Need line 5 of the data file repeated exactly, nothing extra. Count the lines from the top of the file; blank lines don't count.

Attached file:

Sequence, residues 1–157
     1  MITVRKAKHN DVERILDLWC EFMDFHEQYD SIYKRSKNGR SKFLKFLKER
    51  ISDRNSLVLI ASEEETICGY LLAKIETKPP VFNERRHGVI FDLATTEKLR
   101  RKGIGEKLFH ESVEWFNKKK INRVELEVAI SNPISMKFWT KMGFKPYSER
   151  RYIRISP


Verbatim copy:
   151  RYIRISP